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LIKE A GOOD NEIGHBOR

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During this time, the Browns met Heidi Harris and her then-husband through mutual friends. The Harrises had two small children, Tina--born in 1979--and a son born in 1982. In 1983, the Harrises rented Mrs. Brown's Denver home.

After Brown's investment firm broke up in 1983, he spent about a year as a financial consultant for a wealthy Texas family. Heidi Harris says Jack Brown often baby-sat for her kids during this time.

The Browns moved to Phoenix full- time in 1985. That year, they had their only child together, a daughter. They lived in the rich, white, insulated world of Paradise Valley, but their security was deceptive. Jack Brown tried to start a software company in Phoenix, but it never got off the ground. It seemed that everything he touched turned sour. The family was living mostly off Mrs. Brown's investments.

The change of scenery to Phoenix had done nothing to improve Jack Brown's failing marriage. In March 1986, the couple went to Phoenix psychologist Sandy Mazen for help. But they separated a few weeks later, and Mrs. Brown filed for divorce. Jack Brown moved into a condo at the Biltmore Estates while Mrs. Brown and her daughter remained at the sprawling Paradise Valley home.

Now divorced, Heidi Harris with her children visited Phoenix numerous times in 1986, maintaining friendships with both Browns. She trusted Jack Brown, and often let her kids stay overnight with him at his condo. Now and then, Brown's own daughter also spent the night. Tina Harris had a special friendship with the girl. She also loved to go horseback riding with Jack Brown.

It was during this period, 1986 and early 1987, that Brown molested Tina at least three times. He tried to explain his behavior during a 1989 court deposition: "This was an extremely compressed stress period for me. Financial, family separation, relocation to Phoenix, not really knowing very many people down here. I had come from a position of financial stability, multiple houses, a high opinion from my peers of my work in Denver and in Washington . . . I feel that I had a substantial detachment from my normal environment."

Mrs. Brown moved back to Denver in early 1987. Her divorce from Jack Brown was final that summer. She frequently let Heidi Harris and her kids stay at her Paradise Valley home; they were there on a visit in April 1987 when Tina revealed the molestations.

On that trip, Tina knew it would be only a matter of time before Jack Brown came around. The thought frightened her. The night before Tina pulled her mother aside, she watched a television show called The Molester, a Friend of the Family.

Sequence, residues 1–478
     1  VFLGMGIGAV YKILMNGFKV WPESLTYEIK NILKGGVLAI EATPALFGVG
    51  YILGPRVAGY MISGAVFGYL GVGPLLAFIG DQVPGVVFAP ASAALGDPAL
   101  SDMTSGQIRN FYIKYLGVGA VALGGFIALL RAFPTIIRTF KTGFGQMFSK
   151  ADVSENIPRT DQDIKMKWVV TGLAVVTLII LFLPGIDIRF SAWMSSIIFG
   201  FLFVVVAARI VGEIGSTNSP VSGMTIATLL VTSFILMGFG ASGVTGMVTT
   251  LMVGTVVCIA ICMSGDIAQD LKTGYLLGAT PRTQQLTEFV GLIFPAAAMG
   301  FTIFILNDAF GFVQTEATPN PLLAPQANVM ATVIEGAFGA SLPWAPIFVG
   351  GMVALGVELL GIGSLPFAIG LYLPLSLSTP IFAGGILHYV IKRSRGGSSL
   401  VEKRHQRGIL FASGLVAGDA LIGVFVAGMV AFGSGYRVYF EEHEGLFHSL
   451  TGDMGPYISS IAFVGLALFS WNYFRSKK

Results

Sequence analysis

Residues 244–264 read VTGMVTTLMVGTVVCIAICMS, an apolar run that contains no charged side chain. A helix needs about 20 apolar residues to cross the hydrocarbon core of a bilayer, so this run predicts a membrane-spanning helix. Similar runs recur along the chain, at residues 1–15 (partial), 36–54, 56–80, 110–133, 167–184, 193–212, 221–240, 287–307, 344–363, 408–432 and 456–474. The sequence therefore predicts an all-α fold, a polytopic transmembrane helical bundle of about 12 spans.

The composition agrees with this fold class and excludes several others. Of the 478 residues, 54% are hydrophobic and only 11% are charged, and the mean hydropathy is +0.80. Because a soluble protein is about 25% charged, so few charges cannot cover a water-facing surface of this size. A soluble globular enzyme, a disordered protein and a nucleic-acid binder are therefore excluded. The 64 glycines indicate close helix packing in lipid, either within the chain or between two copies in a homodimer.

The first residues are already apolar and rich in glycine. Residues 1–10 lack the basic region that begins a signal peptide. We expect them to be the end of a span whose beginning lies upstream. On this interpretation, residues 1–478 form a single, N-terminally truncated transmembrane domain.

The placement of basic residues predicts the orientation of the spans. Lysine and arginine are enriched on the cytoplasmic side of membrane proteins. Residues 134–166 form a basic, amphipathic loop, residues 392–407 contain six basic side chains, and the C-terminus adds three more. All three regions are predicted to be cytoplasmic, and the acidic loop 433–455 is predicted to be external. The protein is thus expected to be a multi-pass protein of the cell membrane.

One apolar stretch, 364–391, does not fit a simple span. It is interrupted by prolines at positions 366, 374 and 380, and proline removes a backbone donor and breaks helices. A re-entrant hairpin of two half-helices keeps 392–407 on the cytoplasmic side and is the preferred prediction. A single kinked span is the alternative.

She then demonstrated great courage in talking to her mom, especially because of the secrecy pact--typical of child molesters--that Brown had forced on her.

"He told her she wouldn't be able to ride his horses anymore and that Mommy would be very angry with him," Heidi Harris says. "`None of us will be able to be friends anymore, and it will be horrible, and you know your mommy and daddy aren't very good friends right now anyway. It'll make them worse friends.'"

It was months before Tina spoke to her mother again about what Jack Brown had done to her. "`There was something I hadn't told you,'" Tina whispered to her. "I said, `What's that, honey?' She said, `He stuck his finger up me, too. It hurt so much.'"

THE DAY AFTER Tina first confided in her mother, Jack Brown and Heidi Harris visited the office of Phoenix social worker Cynthia Morse. Harris says she went with Brown after his estranged wife warned he'd lie to the social worker in a one-on-one situation. Morse says she thought at first that Brown and Heidi Harris were a married couple, so unusual was a joint visit from a molester and the mother of a victim. Brown again confessed his crimes, though he was vague about details. Morse told them she'd have to turn the case over to someone with more experience.

Harris, however, wanted Brown to surrender to authorities. "I said I thought it was much better that he take this on his own, be a man about it," she says.

After they left, Morse says she telephoned the state's Child Protective Services (CPS) for information on what to do next. Reporting such criminal activity is mandatory for Arizona's mental-health professionals, but Morse doesn't remember if she gave Brown's name to the CPS caseworker on the other end.

Five days after Tina told the truth about Brown, he typed a one-page letter to the girl and her mother.

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Paul Rubin
Contact: Paul Rubin